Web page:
It's not just the U.S. schools, either. Some Caribbean school representatives at NAVMEC heard about the distance education offerings and have since engaged their mainland counterparts to work together on certain courses, she said.
NAVMEC's role is to help accelerate these changes by finding platforms for colleges to try or continue these new ideas and methods, Dr. Pappaioanou said, and to facilitate sharing best practices—work that will continue for some time.
"Certainly the board has discussed whether it would be helpful to look at progress made by colleges, using a system-wide assessment every three years or so. We could bring people together and talk about whether there are important societal changes that should be addressed or how well the colleges and graduates are meeting societal needs," she said.
What happens next
The draft recommendations are hitting the road, so to speak. Co-sponsor and stakeholder groups that will have a chance to add their input in the coming months include the American Association of Veterinary State Boards, the AVMA Executive Board, the North American and Western veterinary conferences, and species and other key groups.
"We want to share this (draft report) with more of our colleagues in the profession and make them aware of what transpired and get feedback and incorporate that information into the final report," Dr. Krehbiel said.
The finalized version is expected to be completed in time for consideration and final approval by the AAVMC board of directors at the association's annual meeting March 10-14, 2011, in Alexandria, Va.
"Members of the NAVMEC board have agreed to continue to be engaged with the project until around the first of April next year," Dr. Osburn said. "The 2011 AAVMC meeting provides an opportunity for all veterinary colleges to come together for some final discussions on what the NAVMEC recommendations should be, and then it's up to the AAVMC board to move forward with some continuing implementation plans."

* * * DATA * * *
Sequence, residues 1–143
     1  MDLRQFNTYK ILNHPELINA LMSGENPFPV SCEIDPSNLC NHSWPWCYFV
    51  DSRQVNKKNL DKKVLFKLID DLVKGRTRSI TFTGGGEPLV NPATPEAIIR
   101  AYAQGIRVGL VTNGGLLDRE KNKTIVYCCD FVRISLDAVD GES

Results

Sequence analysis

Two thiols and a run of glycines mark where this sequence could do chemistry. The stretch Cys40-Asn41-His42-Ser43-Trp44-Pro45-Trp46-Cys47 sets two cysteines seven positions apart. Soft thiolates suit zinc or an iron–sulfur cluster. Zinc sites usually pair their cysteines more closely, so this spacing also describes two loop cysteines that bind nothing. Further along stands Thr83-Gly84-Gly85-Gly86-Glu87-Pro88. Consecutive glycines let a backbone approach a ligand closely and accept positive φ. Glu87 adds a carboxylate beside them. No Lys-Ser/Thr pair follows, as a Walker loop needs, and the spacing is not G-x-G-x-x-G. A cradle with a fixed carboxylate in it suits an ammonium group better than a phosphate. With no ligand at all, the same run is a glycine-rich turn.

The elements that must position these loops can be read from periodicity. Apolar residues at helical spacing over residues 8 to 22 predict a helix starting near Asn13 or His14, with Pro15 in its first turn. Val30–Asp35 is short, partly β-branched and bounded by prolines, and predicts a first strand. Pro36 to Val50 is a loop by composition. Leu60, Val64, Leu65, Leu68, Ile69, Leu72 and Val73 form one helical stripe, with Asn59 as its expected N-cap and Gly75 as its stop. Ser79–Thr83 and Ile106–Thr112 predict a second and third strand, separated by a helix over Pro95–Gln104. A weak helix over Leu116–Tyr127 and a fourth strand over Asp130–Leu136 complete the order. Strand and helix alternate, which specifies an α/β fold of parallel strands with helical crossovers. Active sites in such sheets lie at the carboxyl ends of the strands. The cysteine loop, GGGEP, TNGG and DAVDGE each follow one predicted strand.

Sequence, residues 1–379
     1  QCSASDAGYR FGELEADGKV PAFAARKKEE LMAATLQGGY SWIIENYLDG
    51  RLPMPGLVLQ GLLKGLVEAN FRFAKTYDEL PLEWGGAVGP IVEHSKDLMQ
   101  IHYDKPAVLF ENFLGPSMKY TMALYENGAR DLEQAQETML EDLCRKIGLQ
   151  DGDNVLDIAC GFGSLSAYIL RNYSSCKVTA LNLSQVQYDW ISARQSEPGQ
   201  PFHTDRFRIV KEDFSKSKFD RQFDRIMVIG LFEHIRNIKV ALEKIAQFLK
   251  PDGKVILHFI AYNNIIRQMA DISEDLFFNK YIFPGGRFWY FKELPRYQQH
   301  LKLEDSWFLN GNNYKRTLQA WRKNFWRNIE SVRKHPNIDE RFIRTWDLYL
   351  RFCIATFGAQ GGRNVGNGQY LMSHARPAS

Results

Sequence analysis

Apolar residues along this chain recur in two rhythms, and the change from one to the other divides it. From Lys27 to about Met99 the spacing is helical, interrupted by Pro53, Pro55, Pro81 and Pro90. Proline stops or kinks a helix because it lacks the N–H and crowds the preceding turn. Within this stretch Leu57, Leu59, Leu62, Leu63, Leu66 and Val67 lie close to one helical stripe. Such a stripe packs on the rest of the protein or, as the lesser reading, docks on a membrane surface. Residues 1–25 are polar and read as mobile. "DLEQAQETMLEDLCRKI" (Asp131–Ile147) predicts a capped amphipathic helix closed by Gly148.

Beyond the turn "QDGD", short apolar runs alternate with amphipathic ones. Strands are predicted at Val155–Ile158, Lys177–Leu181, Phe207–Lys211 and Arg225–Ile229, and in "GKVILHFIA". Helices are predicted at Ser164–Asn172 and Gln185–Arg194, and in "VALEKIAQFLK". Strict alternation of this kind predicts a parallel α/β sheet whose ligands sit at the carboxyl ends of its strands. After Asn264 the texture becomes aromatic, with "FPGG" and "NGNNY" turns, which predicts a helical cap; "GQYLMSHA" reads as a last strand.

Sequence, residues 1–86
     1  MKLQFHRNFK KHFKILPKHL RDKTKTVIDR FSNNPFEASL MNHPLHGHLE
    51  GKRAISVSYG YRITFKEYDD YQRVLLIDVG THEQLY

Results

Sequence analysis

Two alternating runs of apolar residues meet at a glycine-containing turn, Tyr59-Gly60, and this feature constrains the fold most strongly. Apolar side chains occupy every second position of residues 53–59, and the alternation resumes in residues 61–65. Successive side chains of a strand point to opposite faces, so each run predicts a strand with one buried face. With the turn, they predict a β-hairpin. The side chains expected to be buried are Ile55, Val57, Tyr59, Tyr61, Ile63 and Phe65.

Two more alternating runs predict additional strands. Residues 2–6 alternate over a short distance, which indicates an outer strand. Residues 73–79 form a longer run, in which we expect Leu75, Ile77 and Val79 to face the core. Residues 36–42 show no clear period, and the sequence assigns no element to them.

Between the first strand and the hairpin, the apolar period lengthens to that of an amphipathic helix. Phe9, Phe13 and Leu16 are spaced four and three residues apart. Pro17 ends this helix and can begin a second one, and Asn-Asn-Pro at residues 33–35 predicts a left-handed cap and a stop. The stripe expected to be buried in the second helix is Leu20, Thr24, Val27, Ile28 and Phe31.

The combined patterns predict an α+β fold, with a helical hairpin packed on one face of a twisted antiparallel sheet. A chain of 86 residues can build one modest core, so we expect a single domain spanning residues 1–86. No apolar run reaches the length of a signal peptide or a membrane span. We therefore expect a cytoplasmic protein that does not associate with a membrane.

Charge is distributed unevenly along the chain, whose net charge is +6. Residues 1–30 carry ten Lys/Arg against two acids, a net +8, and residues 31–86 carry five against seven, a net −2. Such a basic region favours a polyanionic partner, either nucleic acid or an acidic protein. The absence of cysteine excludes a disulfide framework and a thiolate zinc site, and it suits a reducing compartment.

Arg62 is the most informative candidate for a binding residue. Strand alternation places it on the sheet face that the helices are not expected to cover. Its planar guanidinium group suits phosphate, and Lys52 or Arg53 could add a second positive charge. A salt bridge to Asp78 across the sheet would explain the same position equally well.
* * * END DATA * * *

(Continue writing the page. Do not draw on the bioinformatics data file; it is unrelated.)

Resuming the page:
NAVMEC began with a budget of $520,554 to cover planning, logistics, and assorted other expenses. Thus far, $418,098, or 80 percent, has been spent. The total amount donated by the NAVMEC co-sponsors, including $60,000 from the AAVMC, comes to $535,675.
Money still needs to be allocated for the distribution and presentation of the draft report to NAVMEC co-sponsors and stakeholders as well as development of the final report and activities to promote it.
In addition, the AAVMC is preparing a budget and additional fundraising possibilities for several implementation initiatives that will be developed as the report is reviewed and then acted on by the AAVMC board.
Dr. Pappaioanou said the AAVMC understands that, in terms of where the focus will likely be on making changes, it will largely rest with the colleges and the AAVMC, "but we'll have to see the final product and what kinds of resources we'll need to make sure this will work at our member institutions."
Yet, no one should expect NAVMEC to be the final word on veterinary education reform, she said, because society continues to change and evolve. So too, then, she hopes the profession will do the same.